Painting: Margaret Olley, 'Eucharist Lilies' 1963
While I have always enjoyed Margaret Olley's art, I did not know that she had a New England connection until I found a 2006 interview with her on ABC North Coast from the Byron Bay Writers Festival.
An edited version of the interview follows. You can find out details of Margaret Olley's life here.
"Biographer Meg Stewart describes Margaret Olley as 'Australia's most-loved living artist', a statement that's reflected by the hoards of fans who pack into a Byron Bay Writers' Festival Marquee to hear her conversation with Stewart...
After Stewart's generous introduction .... Olley proceeds to steadily gather her captivated audience in the palm of her hand. Her slow, thoughtful, precise manner leaves her audience hanging on every word, and beautifully demonstrates her impeccable comic timing.
Along the way though, the audience is treated to a delightful trip down memory lane, as Olley was born in Lismore and lived on the Tweed River for a number of years during her youth.
"That was an idyllic childhood," reminisces Olley, "to live beside a river, with little islands in the river, and fishing and... I don't know, it was just fun. Nobody had any money and in the time of the depression, our father would make stilts or billy carts, and we made our own amusement."
Olley grew up in North Queensland and the Tweed area before going to school in Brisbane. It was at Brisbane's Somerville House that she met one of her early inspirations, her art teacher Caroline Barker, and started on her journey to becoming an artist. "My whole week at school was always looking forward to the art class," remembers Olley, "so when I came to Somerville House and found Caroline Barker, that was bliss.
"She has sparkling eyes and was so full of enthusiasm and encouragement, and I got so carried away I went to the Head Mistress one night - we had to see her every week - and I went and said, 'My mother has written and given me permission to drop French and take an extra art lesson.' So I knew then what I wanted, and she, silly woman, didn't even ask to see the letter."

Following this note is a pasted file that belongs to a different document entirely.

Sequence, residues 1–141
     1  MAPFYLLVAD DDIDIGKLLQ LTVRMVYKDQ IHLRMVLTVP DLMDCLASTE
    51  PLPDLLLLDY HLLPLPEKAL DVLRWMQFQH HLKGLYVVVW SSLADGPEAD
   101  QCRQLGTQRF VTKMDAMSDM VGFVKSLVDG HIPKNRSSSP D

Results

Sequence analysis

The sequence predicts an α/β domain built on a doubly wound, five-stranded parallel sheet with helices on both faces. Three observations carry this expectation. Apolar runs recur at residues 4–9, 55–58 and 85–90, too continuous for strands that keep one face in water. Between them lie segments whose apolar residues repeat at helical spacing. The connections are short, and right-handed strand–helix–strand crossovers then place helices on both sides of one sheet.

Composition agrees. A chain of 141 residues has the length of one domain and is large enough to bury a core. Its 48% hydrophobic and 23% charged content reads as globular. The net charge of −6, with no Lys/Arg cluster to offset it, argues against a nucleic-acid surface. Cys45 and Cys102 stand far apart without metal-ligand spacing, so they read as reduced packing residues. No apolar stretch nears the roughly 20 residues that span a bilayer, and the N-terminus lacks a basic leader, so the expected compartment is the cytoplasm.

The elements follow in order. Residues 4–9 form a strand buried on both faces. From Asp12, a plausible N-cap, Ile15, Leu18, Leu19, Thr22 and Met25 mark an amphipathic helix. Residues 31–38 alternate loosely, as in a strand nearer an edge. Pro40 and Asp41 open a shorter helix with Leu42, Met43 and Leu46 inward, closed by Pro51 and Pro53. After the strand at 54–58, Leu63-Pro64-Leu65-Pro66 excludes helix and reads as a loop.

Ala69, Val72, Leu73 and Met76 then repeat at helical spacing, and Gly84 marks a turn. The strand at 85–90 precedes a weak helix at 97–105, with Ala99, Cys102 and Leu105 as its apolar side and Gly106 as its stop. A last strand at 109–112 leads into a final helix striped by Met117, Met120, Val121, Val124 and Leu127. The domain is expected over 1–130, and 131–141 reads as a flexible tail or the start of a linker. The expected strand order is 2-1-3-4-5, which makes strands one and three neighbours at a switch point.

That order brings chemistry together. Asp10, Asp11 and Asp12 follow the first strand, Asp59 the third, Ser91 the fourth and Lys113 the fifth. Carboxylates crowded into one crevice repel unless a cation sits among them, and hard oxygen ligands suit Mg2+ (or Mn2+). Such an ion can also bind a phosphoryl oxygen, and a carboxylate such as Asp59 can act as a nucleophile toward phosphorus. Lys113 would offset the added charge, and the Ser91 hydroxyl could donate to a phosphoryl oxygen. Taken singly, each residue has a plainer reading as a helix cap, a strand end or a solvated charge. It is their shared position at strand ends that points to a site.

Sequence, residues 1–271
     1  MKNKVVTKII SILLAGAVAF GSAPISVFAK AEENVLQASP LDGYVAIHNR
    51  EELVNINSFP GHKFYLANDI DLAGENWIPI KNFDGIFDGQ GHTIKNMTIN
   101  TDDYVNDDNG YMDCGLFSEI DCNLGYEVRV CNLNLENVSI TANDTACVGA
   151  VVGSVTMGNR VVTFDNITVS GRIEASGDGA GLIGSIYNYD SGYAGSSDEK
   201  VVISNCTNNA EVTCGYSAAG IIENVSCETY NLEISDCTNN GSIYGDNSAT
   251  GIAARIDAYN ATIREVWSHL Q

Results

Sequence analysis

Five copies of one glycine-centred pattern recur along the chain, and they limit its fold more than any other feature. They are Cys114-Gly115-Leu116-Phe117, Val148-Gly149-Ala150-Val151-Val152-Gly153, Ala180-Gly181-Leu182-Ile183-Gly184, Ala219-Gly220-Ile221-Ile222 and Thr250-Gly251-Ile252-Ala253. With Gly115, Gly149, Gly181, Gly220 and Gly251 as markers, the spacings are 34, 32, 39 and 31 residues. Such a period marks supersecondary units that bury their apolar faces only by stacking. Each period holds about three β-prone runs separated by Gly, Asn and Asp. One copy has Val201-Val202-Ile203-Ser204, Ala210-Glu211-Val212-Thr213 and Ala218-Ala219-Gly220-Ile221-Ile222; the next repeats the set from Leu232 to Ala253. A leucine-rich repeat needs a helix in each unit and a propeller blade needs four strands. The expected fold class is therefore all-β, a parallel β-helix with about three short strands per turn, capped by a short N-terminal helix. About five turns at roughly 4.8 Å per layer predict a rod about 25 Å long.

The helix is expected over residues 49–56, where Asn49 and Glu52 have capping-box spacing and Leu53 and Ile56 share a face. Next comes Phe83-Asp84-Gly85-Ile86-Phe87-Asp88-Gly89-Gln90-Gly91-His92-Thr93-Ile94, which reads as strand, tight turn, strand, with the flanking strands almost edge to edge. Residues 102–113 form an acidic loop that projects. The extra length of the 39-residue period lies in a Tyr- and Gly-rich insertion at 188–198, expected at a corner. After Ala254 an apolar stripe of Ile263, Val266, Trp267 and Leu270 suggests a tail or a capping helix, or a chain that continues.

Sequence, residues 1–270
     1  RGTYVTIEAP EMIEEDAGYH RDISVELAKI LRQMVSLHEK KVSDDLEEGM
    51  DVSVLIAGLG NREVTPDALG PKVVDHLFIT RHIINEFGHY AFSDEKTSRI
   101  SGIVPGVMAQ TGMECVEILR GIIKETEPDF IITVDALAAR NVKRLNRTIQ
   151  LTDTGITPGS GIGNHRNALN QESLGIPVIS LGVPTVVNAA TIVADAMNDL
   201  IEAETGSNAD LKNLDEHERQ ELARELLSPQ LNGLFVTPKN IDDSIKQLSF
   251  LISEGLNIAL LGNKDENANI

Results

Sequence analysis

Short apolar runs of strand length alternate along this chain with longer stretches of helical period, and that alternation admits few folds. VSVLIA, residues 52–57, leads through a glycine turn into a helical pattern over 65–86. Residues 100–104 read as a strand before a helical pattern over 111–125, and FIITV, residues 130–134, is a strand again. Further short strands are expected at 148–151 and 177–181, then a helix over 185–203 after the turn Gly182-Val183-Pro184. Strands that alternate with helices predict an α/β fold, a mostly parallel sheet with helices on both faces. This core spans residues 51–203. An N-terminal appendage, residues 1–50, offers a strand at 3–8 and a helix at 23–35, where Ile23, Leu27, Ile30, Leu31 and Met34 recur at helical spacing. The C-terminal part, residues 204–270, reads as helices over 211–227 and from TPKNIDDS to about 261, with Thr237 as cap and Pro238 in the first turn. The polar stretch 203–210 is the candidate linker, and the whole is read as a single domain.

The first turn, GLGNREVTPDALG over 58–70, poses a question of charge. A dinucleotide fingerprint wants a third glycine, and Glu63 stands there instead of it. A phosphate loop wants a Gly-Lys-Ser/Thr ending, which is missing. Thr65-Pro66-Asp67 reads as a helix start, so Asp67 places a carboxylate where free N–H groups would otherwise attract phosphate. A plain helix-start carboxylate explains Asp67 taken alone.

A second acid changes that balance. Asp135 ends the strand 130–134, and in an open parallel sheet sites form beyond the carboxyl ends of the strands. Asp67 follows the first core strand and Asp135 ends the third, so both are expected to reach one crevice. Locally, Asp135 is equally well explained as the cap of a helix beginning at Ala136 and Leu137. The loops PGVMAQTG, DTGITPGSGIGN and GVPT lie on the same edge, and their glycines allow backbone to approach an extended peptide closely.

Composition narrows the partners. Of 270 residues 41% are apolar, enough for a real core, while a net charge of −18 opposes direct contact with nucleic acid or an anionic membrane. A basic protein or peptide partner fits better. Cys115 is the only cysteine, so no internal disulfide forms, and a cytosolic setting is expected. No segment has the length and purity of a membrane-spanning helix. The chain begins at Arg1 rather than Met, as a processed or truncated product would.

After studying painting in Brisbane after school, Olley moved to Sydney to attend the East Sydney Technical College. "I just loved the East Sydney Tech," she enthuses. "You could work there day and night and never get enough of it... It was actually the first time I actually got to make friends."
Olley travelled extensively around the world, developing her style, but also experienced dark periods, struggling with alcohol, and recently, depression. She exhibited last year, but admitted that, "I hadn't been painting, I hadn't been showing for a few years, because I'd fallen into that black hole, a dreadful black depression, and I really wanted to kill myself and that is not a place to be in, believe you me. I never thought I'd get to that stage, but luckily there is help. When you're in a state of depression, you really are chemically out of balance... and you're not functioning, but there is help, and you can be helped chemically, so if anyone in this room has any problems, go and seek help."
It was when Olley was recovering from this bout of depression that she decided to embark on the biography with Stewart. "Slowly I picked up and started painting away. I must say, when I was in that black hole, my friend and gallery owner Phillip Bacon said to me one day, 'Oh look, I think you should be answering some of those letters that have come from the publishers. I think it's about time you started thinking about doing a memoir.' [Until then] I'd been just throwing them away... so I thought, why not?"
Olley selected Stewart after being impressed by the biographical work Stewart had already produced. For Stewart, the biography was an artistic challenge. "One of the most rewarding or challenging parts of this project was that, because the writing I'd done before, in book-form, had been pretty directly connected to the world of my parents, with my mother who was an artist and my father who was a writer, with the Margaret Olley book, I really had to plunge in and write about an art world that was wider than that.... But for me it was also quite special because it was my creative coming of age."
.. Since last year's (2005) exhibitions and the release of the biography, Olley has never been busier. "Last year, I've never done so much in my entire life," she says forcefully. "Imagine two exhibitions, and on the opening night of one exhibition, Barry Humphries opened Meg's book at the art gallery, and then I had about 20 people back for a buffet dinner. I must be going out of my mind!
"And then Random House said, 'The next morning, you'll start the interviews.' I said, 'I beg your pardon? You're dealing with somebody over 80. I may want to sleep in,'" she finishes with a cackle. "